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Behind full-hieght glazing set back from the main building, it has a raised ground floor and asemi-basement, which contains commercial space, a caretakers flat, and storage spaces. At roof level, the top floor is set back beneath an oversailing roofline and contains two studio apartments and aterrace. The six intermediate floors each contain a pair of identical, handed apartments seperate by central, vertical circulation. The geometry of oblique and angled planes that creates the undulating facades is also used in plan; a kind of labyrinthine approach to make the small spaces appear larger. A series of partitions parallel to the adjoining building divide the space in each unit between the living room and the bedrooms. The partitions between them are arranged at seemingly random angles, producing an intricate arrangment of interconnected spaces. A corridor leads diagonally from the entrance to the living room at the farthest corner of the plan, and the view is from the door at the corner looking across the full-hieght glazing in the corner and beyond. A charp angle in the corridor leads to the kitchen and the a terrace, and a second corridor seperates access to the bedroom and bathroom. The bedrooms are also connected cia doors leading to loggias.

Unit types Circulation Elevator Outdoor Space Commercial

Lower Ground Floor Plan

Typical Upper Floor Plan

Upper Ground Floor Plan

Attic Floor Plan

1

Stairs and Elevator

2

Entrance/Hall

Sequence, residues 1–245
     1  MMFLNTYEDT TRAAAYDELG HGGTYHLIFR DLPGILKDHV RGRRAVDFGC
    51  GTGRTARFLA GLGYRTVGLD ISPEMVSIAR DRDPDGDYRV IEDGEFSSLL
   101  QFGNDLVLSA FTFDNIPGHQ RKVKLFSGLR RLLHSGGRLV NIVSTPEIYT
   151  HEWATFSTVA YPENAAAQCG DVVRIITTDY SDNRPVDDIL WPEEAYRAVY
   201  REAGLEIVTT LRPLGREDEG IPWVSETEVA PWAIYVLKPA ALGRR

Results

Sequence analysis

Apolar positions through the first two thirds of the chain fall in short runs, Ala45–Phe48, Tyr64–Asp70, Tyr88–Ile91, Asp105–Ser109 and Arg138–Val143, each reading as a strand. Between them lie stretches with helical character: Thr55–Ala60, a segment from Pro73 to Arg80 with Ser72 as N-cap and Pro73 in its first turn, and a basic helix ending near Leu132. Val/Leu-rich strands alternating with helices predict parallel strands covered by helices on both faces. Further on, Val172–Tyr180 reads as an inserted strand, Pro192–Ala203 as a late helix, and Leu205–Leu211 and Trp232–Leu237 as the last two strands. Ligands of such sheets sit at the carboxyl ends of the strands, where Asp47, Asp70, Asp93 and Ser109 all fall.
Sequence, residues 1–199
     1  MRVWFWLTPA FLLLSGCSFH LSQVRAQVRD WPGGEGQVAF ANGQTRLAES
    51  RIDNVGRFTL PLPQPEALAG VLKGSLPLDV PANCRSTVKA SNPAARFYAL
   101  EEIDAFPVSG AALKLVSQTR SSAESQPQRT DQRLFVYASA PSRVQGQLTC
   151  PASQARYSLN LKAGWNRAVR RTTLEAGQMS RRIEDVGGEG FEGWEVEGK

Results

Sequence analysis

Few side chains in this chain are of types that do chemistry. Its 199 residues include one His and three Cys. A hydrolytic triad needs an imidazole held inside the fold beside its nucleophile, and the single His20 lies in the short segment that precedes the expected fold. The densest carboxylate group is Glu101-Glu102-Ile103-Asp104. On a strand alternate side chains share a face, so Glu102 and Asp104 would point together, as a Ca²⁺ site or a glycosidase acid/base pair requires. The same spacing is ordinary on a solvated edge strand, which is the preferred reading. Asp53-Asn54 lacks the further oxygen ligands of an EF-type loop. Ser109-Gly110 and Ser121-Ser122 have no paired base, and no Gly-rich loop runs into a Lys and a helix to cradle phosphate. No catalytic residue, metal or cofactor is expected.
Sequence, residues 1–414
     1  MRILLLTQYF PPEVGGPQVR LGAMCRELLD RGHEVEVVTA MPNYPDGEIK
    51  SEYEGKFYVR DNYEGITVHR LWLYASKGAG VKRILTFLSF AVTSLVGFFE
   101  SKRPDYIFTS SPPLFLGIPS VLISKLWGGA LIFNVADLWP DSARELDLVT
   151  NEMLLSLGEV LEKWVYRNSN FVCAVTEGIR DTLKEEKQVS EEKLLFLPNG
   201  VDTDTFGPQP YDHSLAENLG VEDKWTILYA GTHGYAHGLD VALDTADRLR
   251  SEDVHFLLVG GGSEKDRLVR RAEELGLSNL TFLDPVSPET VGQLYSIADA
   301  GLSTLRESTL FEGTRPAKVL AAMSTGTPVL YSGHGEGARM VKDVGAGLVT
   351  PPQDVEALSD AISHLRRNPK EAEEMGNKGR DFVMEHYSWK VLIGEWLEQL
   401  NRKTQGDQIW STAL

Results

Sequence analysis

3

Kitchen

4

Living

5

Bedroom

6

Bathroom

7

Loggia/Terrace

8

Commercial/Retail

9

Studio/Bedsitting Room

10

Roof Terrace


S e c t i o n s

The spatial distribution and circulations of the building were designed in order to experience the restricted space to is optimum potential. The building contains a central form of circulation, consisting of an elevator and a staircase that allow access to the two apartments of each floor. Each unit has a central vestibule that divides the unit, distributing to one side the three bedrooms, a shared bathroom, and a front porch that gives the rooms good lighting and natural ventilation; to the other side the living and dining space, and the kitchen. The bathrooms and kitchens are turned towards the direction where light is recieved most. All of the rooms have direct access to outside air.

Vertical Circulation The vertical circulation of the building is centralized core of the residence. Ventilation The vertical circulation of the building is centralized core of the residence.